Evaluating sources is a crucial step in the process of library research. Whether you're looking at a web page, citation, a physical item or an electronic version of a book, article or review, ask yourself the same questions. Is it a useful, reliable resource for your specific research need? Why?
There are many things to consider when determining if a source is reliable. This chart tells you what to look for in your sources.
A few things to consider when evaluating a source:
Content/Coverage - The content should be consistent with what other experts in the filed are saying and be written in a style that is appropriate for the audience it is intended for (general public, other cholars, etc.) The item may also give new information about a topic.
The Author - Who wrote the item and what are their credentials? They might be content experts or journalists covering a topic. The level of knowledge in a field that the author posesses influences the content of the source. Also check for the Publisher of a source - is it from a government agency, university press, or other reputable source.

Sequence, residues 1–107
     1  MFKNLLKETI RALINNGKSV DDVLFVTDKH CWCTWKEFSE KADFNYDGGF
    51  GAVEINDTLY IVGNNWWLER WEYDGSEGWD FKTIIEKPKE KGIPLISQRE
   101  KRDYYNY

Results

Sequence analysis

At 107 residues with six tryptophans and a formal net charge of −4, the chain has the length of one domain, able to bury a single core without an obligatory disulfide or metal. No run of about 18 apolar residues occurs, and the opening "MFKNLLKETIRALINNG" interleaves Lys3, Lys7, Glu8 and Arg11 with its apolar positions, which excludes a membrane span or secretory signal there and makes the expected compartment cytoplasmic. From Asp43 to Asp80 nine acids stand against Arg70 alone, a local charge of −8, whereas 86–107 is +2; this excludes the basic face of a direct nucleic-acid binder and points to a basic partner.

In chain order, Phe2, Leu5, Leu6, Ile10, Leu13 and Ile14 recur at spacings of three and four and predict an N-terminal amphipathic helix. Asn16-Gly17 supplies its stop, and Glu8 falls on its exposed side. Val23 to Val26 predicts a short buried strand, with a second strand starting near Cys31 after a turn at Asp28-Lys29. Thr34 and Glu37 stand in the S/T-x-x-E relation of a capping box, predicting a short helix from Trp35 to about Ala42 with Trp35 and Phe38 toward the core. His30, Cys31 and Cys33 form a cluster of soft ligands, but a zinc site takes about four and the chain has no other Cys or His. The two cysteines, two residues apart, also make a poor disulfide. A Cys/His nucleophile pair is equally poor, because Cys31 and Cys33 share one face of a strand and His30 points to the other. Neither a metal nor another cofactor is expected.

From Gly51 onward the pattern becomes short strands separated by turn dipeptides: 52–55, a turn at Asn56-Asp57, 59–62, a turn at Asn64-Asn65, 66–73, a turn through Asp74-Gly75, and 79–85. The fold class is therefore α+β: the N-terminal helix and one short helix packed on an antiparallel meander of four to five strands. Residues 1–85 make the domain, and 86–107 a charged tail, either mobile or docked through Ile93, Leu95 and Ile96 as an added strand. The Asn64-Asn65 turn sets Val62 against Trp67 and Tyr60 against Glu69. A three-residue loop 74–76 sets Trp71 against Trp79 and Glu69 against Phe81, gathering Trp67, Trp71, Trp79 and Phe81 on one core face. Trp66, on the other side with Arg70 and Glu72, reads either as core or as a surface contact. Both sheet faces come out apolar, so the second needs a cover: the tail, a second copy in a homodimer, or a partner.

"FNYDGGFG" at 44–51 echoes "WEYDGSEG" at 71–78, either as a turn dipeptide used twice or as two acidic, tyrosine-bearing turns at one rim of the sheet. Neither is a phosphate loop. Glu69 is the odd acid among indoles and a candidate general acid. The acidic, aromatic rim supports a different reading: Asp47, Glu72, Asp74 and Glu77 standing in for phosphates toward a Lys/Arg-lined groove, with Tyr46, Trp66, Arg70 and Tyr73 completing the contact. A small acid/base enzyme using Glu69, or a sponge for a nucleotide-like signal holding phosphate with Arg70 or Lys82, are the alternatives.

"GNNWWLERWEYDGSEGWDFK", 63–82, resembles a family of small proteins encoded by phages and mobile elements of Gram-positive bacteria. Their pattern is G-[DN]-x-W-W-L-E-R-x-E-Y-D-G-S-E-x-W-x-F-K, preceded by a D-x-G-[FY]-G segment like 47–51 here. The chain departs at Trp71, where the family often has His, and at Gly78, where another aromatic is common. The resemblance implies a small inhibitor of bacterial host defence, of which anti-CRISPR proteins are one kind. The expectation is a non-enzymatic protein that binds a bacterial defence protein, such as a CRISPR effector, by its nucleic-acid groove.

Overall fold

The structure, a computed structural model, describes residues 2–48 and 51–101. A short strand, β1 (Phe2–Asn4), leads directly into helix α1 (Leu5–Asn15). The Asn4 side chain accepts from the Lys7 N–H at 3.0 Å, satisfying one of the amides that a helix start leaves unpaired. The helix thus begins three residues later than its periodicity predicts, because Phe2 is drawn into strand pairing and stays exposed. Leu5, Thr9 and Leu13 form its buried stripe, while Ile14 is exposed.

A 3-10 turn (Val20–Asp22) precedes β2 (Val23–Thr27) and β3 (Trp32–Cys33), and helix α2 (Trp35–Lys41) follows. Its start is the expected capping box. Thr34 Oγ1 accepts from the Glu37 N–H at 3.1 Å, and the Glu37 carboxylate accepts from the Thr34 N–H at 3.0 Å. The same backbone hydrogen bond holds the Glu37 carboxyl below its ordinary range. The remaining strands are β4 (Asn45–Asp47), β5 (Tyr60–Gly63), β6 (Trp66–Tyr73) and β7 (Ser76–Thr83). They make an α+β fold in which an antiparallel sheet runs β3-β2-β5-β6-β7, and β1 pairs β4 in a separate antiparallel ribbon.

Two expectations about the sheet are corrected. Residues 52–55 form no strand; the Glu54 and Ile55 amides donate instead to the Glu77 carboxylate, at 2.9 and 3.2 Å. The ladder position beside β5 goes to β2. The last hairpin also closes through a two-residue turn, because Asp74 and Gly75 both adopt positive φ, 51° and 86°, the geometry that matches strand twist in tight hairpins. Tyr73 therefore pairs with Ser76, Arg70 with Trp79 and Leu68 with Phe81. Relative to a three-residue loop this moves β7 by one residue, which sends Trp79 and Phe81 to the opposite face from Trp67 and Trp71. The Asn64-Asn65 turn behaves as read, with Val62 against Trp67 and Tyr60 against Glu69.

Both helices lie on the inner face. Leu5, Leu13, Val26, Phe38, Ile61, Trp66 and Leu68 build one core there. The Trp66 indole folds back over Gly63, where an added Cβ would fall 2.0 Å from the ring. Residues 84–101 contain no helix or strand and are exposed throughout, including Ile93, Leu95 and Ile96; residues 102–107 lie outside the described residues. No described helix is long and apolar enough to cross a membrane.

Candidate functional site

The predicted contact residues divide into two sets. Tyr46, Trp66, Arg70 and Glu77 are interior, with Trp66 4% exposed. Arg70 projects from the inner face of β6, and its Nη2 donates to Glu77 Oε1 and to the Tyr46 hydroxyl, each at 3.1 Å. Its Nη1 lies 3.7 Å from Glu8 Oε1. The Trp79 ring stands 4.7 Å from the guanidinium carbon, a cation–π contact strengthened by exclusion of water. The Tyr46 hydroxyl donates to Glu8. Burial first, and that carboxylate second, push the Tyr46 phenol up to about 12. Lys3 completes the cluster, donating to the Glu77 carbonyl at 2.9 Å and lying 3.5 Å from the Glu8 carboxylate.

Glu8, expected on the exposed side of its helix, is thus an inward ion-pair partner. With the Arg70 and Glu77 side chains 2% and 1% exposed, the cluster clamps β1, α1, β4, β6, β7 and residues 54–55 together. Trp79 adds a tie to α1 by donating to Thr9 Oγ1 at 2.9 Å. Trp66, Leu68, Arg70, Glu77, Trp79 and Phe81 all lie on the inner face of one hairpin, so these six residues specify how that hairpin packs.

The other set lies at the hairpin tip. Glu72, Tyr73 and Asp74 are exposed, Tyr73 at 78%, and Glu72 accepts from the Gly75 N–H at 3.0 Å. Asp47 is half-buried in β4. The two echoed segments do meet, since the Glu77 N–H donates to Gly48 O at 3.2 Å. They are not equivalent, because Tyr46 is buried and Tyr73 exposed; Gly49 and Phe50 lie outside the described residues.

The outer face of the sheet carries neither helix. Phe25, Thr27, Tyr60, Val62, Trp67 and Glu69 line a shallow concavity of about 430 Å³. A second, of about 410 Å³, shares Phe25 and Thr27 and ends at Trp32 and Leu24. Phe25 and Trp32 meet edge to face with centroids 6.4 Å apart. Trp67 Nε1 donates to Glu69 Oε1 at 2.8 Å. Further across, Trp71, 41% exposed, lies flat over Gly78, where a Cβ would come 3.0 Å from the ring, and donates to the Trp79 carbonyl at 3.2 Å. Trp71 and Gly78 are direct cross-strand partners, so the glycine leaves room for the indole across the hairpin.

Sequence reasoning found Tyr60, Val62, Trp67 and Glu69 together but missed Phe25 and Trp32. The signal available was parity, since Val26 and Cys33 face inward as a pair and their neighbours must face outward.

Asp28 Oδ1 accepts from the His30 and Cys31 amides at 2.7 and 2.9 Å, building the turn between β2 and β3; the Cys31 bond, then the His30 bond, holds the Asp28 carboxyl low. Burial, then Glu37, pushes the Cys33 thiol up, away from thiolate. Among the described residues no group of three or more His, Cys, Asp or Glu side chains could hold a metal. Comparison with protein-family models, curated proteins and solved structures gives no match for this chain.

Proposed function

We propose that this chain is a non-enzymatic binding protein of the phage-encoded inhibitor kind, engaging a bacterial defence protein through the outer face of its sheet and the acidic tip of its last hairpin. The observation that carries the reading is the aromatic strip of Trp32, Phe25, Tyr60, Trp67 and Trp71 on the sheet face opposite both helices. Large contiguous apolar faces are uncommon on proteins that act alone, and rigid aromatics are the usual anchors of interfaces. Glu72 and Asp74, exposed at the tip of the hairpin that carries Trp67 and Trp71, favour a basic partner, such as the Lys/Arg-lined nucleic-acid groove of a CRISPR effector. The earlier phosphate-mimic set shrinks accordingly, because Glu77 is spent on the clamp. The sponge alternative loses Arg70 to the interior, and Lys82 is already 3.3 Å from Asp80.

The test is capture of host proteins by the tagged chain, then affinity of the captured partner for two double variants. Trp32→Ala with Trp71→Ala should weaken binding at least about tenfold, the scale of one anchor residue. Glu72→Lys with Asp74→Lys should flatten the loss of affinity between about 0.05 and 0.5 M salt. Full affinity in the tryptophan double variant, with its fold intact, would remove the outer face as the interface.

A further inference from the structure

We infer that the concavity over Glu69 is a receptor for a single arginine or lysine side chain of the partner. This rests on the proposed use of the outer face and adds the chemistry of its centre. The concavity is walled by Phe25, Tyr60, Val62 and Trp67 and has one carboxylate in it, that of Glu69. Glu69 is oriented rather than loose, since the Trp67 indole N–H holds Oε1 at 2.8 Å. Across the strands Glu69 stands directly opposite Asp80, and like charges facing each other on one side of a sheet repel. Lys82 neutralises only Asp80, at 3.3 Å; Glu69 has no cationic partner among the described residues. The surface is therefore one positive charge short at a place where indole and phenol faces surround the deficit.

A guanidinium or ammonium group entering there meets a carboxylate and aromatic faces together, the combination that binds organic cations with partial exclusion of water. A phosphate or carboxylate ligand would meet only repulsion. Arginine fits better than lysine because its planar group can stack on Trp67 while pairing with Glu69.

Reviews - Find out what others are saying about the source by locating reviews of the book (try Proquest, Academic Search Premier or JStor). These are often written by others in the field who could speak to the accuracy and appropriateness of the source.
The Date - Is the date of the item appropriate for your topic? In some fields information changes rapidly making older publications less useful. This could be true for medical or scientific topics. For historical topics, items published during the time period or that are seminal (an important work in the field that influenced later developments) are appropriate. Don't simply disregard an item because it was published in the 1980s - it might be the prefect source!
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